Saturday, March 30, 2013

March Madness and the Deaths of My Parents' First Twins

March Madness, which is the time when college basketball comes to a climax -- when conferences conclude their own tournaments and when the NCAA draws up and begins its tournament which will culmnate in the final game and national championship -- is now upon us. It's something my dad, uncles, and brother look forward to with eager anticipation each year.  Bets and pools are made, and much fanfare sorounds each televised game, and even some that maybe are not. (Maybe all are televised. I admit to some ignorance.)

I think they start out with sixty-four teams, though again I plead ignorance and admit that I may be incorrect. When it's down to eight remaining games, the teams are referred to as the "sweet sixteen." When those games haveconcluded and only four games remain, the teams still in contention are the "elite eight." Then it's on to the "final four," followed by the national championship. Thought it's termed "March Madness,"  since that's when the bulk of the action takes place, it usually concludes early in April.

For my mom, March Madness is an association that dredges up very unhappy memories. My twin brothers (they were twins but not my twins; I hope I'm explaining it clearly enough) were born and died during the height of March Madness. I believe my mom and dad left for the hospital during the University of North Carolina   vs. Ohio Stae game. It may have been the round of 16, but I'm guessing.  My father was a loyal Cal fan, but tended to root for North Carolina in basketball when Cal wasn't in it  or had been eliminated.  My father might have cared about the outcome of the game, but had the sensitivity not to indicate to my mom that he was concerned about a basketball game when their babies' lives were on the line. My mother was hemorrhaging.

My parents reached the hospital, it was determined that her placenta had separated from the wall of the uterus, which was the cause of the bleeding. There was no time to attempt to get the babies out the conventionl way, so an emergency Caesarean section was performed. The babies were born weighing, and I may be off by a few ounces though I'm sure I'm close, one pound eight ounces and one pound one ounce. The smaller baby was suctioned and took a few breaths but then stopped, and the doctors were unable to revivie him. The larger of the two clung to life h=for two days and a couple of hours, but then the decision was made that they were only prolonging the inevitable - that his major organs were not ready to function -- and the difficult decision to turn off life support was agreed upon by my parents. If my dad wasgiving the slightest thought to what was happening in the world of college basketball, he had the decency not to mention it. Since it's now past midnight and technically March 30 here, yesterday, March 29, was the anniversary of his death.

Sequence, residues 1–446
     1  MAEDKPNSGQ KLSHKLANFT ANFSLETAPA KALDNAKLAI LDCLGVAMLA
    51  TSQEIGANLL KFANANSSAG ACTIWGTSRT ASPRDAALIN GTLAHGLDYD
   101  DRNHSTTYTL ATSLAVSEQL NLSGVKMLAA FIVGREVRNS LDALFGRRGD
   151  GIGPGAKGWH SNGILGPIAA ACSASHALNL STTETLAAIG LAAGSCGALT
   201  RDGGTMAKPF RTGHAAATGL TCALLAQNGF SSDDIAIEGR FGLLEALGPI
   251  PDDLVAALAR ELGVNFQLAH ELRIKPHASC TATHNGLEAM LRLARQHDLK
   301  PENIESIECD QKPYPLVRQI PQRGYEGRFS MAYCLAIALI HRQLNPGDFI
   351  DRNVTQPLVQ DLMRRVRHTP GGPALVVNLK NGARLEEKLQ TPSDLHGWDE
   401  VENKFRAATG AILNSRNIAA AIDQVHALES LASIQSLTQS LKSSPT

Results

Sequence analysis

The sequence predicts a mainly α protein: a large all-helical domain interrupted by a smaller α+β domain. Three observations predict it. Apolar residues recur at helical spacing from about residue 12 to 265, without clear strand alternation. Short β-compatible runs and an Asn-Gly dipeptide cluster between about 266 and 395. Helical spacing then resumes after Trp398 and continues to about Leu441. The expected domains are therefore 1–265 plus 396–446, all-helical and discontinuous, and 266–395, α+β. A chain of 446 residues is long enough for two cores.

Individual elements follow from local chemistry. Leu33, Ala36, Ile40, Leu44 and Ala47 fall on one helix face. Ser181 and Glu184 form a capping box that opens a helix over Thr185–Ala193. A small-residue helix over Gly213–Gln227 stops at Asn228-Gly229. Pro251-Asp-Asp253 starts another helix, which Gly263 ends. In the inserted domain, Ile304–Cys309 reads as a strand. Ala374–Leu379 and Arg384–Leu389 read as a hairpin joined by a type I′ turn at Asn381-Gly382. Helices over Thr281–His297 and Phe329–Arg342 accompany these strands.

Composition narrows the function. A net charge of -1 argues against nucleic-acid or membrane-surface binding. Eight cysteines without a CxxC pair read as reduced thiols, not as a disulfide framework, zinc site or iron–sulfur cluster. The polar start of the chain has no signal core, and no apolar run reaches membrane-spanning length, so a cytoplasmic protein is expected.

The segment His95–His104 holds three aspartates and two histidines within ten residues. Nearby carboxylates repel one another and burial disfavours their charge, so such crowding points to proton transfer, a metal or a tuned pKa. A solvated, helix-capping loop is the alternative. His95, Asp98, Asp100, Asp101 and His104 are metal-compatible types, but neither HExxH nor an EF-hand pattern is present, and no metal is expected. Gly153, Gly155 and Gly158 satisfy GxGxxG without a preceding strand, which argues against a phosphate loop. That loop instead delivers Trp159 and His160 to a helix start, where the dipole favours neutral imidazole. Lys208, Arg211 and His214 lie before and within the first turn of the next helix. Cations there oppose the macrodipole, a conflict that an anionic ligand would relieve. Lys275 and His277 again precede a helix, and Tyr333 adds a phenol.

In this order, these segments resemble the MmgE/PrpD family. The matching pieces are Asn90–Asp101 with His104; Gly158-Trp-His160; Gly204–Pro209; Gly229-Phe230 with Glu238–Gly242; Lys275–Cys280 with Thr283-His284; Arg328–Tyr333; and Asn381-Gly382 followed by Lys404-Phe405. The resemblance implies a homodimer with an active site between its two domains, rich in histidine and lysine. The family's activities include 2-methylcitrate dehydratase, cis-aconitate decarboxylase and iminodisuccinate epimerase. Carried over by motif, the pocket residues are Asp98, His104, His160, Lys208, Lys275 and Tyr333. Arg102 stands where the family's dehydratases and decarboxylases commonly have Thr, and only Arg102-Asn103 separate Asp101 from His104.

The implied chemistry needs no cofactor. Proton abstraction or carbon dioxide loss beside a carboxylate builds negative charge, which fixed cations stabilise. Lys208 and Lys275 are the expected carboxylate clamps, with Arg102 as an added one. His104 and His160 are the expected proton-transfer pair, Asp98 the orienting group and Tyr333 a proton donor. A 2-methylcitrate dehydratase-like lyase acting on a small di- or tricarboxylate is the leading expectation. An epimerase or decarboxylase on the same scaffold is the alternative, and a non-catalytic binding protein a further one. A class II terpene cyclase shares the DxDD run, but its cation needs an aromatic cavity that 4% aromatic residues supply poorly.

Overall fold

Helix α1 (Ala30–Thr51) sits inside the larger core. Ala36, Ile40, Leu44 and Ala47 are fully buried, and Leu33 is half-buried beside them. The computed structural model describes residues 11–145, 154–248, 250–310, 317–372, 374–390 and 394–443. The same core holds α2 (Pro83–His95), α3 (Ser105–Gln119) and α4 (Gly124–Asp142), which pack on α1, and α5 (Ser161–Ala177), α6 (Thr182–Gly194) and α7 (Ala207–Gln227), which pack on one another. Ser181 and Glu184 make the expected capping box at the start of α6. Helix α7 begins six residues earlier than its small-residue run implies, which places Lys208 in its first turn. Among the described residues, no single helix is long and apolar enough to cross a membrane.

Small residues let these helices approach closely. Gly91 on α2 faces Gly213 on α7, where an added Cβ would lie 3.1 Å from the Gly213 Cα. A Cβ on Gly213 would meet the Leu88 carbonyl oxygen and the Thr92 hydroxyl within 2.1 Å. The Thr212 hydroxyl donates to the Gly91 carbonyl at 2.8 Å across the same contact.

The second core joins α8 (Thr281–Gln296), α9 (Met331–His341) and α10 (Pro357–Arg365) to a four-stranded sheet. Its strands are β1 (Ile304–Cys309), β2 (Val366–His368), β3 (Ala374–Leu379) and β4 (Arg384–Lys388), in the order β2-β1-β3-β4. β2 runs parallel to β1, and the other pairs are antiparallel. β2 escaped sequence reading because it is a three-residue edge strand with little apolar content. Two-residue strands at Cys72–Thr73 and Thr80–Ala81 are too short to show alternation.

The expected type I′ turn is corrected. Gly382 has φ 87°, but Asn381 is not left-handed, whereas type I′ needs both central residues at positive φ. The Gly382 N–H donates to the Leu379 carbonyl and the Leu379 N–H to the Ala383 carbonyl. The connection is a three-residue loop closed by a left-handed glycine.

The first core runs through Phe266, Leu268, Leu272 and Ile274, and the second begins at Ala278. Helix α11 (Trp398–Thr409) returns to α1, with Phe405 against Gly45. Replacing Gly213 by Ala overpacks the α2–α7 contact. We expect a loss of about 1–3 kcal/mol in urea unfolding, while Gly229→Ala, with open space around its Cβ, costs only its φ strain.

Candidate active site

The period between March 27 (the day of the earlier twins' birth and the day of the smaller baby's death)  and March 29 (the anniversary of the larger babys death) is always difficut for my mother. It's probably hard for my father, but he deals with it differently. All the basketbll that's going on seems to bring up the unpleasant memories all the more. For several years my dad used to not watch the NCAA tournament for my mom's benefit, or at least only if he was atsomeone else's house,but he knew my mom needed him around, so going elsewhere to watch the games wasn't a viable option.  Eventually my momtold him that life had to go on -- that basketball didnt cause her to loise the babies -- and that he should watch the NCAA tournament.

She says she tries to look at it on the bright side, if there is a bright side to losing premature twins. Had the babies lived, they likely would have been severely disabled. that might have made having more children an impracticality for them, as dealing with two severely disabled children is both  time- and emotion-draining. Had the babies lived and been healthy, they probably would have stopped having children under those circumstances as well, as they had planned to have two children.   So matthew and I might not have ever been conceived had the first two babies survivied, healthy or not.  Sad as it was under the best of circumstances, it was a good deal for Matthew and me.  I don't say that to my mother, but it doesn't hurt if I silently look on the bright side. Still, I'll always be sad for my parents and for all their sorrow.

So college basketball now dominates our home from mid-to-late March until early April. If it bothers my mom,  she never lets on, although I'm not sure how she can totally fail to make the association.

Christopher and Nicholas, I miss you though I never met you, and I wish you a belated happy birthday.


  1. Your poor mom... God bless her. What an awful thing for both of your parents to go through. They've really had their fair share of challenges, haven't they?

    But they did at least have you and your brother and it sounds like they have a lot to be proud of concerning you two.

  2. This was very very awesome for you to write. I hope I can integrate our lost babies into G's life in a way that is healthy and does them, and my sadness at losing them, justice.
    Love to your family, most especially your mom.

  3. I'm sorry for your family's loss. I'm sure it's a pain that has never fully healed, even if the years have passed by.

    Your mom must be very strong, having gone through so much in her life. It's admirable.